I have no problem with particular products being aimed at people with particular physical characteristics. I have no need for hair products that soften curls or boost regrowth to cover bald patches. But advertisers must be honest about their target market and the claims they make about their products.
The remaining rants
The name of the product, as per the packaging, is POND’s age miracle™ cream, in lower case. But the copy uses capitals: “Age Miracle” – a case study for How to dilute the strength of your logo/brand/trademark 101?
It’s the copy on the tear off slip that really gets to me.
Our Gift to You…
A complimentary 15ml POND’s Age Miracle Day Cream.
Fill in your details at the back and redeem your free sample in store via a POND’s Beauty Advisor!
For starters, doesn’t the word ‘gift’ imply something that is complimentary? Why would I pay you to give me a gift? And then, in case you missed it, third time lucky – it is ‘free’.
What is a “POND’s Beauty Advisor” and where do I find one? They are certainly not walking around my branch of Clicks, which is a pity as their capitalised title makes them look rather important. In addition, www.oxforddictionaries.com explains that the term ‘advisor’ is an American version of the word we know as ‘adviser’ and usually connotes someone official. Come out, come out, wherever you are.
I am not going to comment on the unnecessary use of the poor exclamation mark but I can’t let the word ‘via’ slip past unnoticed. How do you redeem something via another human being? In this context the preposition, which is short for ‘by travelling through’, suggests the method used by drug smugglers to ensure their cargo goes undetected. I’ll leave it at that.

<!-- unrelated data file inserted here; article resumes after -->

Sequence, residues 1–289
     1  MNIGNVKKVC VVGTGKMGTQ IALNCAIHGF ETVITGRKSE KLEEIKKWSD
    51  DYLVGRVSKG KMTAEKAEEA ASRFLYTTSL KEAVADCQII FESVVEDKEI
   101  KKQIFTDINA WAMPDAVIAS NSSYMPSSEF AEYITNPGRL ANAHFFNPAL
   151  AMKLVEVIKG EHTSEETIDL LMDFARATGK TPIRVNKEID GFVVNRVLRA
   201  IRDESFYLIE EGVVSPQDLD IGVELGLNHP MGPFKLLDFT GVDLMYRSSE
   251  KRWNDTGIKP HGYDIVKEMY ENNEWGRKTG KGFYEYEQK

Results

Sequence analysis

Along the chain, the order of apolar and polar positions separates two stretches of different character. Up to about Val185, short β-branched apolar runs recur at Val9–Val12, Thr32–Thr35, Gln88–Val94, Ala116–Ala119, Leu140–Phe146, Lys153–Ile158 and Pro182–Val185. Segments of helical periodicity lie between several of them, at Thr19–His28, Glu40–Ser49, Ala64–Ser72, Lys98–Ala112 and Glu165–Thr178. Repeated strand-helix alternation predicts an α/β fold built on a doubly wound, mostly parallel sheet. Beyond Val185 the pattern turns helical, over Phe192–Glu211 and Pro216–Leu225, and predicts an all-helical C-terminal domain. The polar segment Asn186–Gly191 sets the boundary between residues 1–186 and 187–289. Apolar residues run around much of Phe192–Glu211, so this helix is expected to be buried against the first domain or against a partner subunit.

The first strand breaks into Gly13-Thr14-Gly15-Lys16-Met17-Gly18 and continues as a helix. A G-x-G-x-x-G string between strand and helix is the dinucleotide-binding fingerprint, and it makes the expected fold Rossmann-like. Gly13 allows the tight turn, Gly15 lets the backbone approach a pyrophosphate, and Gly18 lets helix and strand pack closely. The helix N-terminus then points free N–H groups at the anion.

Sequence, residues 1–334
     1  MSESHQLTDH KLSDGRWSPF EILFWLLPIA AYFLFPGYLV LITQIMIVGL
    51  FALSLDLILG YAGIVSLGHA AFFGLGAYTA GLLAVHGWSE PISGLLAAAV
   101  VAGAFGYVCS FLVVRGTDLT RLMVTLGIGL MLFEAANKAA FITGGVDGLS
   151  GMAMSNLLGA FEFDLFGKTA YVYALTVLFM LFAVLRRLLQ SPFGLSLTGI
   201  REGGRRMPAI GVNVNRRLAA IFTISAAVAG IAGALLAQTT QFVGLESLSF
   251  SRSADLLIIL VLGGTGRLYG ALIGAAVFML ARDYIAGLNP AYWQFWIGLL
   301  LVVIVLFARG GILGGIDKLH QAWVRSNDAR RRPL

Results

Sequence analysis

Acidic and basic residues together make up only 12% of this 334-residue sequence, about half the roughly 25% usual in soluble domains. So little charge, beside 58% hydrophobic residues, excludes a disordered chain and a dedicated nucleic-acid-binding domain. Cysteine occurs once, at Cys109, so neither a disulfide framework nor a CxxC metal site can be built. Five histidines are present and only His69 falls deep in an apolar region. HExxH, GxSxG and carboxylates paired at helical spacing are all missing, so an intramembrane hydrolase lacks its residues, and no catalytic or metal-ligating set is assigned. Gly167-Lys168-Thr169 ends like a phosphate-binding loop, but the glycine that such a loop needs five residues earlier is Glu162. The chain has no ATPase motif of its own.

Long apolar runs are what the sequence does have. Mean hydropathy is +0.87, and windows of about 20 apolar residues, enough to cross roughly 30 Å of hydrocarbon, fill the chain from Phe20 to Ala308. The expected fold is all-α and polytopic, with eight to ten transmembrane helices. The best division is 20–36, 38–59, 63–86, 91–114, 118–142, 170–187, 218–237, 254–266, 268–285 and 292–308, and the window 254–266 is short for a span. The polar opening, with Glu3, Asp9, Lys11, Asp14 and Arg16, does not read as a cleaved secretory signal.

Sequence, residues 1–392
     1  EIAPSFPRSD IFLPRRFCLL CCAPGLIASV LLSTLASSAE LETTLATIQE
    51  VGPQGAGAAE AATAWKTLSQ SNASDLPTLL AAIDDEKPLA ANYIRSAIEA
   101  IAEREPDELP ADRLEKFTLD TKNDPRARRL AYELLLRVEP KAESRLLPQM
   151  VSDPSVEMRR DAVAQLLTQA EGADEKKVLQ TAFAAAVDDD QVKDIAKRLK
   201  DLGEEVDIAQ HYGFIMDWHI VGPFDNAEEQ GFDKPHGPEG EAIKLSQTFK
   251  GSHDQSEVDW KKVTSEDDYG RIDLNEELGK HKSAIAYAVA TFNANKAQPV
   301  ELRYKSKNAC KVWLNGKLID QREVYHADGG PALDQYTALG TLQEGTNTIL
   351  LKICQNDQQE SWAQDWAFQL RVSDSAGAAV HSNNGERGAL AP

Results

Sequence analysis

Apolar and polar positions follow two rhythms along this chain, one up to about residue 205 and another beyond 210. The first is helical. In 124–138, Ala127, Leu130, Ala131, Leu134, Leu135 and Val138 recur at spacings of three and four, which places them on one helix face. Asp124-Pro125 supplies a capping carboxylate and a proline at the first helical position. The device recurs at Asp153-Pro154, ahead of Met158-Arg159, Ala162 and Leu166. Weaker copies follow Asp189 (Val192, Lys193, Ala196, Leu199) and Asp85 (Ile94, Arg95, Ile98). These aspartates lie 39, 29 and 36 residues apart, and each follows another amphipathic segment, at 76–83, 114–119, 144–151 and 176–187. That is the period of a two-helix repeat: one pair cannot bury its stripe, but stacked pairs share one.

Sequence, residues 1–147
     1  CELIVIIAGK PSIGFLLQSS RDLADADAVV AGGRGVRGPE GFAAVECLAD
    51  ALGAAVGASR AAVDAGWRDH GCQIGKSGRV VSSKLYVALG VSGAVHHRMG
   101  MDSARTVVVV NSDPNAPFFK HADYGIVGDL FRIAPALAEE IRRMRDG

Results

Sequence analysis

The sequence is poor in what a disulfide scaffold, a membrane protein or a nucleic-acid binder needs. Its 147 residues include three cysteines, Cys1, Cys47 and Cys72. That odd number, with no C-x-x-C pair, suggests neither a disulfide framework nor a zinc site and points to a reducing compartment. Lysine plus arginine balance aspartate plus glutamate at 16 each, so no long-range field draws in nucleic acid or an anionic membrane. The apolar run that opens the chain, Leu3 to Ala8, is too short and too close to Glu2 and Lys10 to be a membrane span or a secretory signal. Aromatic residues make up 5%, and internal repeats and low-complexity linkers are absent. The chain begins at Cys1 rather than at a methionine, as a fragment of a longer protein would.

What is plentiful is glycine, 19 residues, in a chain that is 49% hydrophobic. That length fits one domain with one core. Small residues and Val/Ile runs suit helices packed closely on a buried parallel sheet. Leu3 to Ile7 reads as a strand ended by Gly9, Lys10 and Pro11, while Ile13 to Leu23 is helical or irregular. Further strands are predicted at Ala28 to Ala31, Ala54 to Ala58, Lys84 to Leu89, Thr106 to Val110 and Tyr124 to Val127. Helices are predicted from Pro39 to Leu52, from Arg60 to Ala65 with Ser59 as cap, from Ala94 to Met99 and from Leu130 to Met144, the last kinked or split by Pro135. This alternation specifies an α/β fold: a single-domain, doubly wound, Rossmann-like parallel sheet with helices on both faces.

At the back of the slip, after requesting the usual personal details, is an empty box next to the text: “Tick this box if we are able to contact you about your product experience.”
I still remember school English teachers who drummed into us the difference between ‘can’ and ‘may’. For those whose memory is a bit shakier, ‘can’ refers to ability while ‘may’ refers to permission. So, my kids can ride bicycles but they may not ride them in the road.
Of course you are able to contact the person whose details you now have. The real question is whether they are willing to allow you to do so.
I’m not, in case you were PONDering.
P.S On a different tangent, writing this column brought back a vague recollection of a line from the Merchant of Venice. Cue Google and I found this pearl from the Bard’s coarse character, Gratiano:
“There are a sort of men whose visages
do cream and mantle like a standing pond.”
The ever-insulting Gratiano compares faces that remain unmoving and expressionless to stagnant ponds covered with scum.
I’m not saying that POND’s is a bad name for a face cream, although the short-sighted successors to Mr Pond should perhaps have kept his original name for the product he invented, Golden Treasure.
But they could have saved cosmetic manufacturers a lot of time, and us a lot of money, had they instead discovered that no cream can keep a face from wrinkling with age. No, for that you need Botox.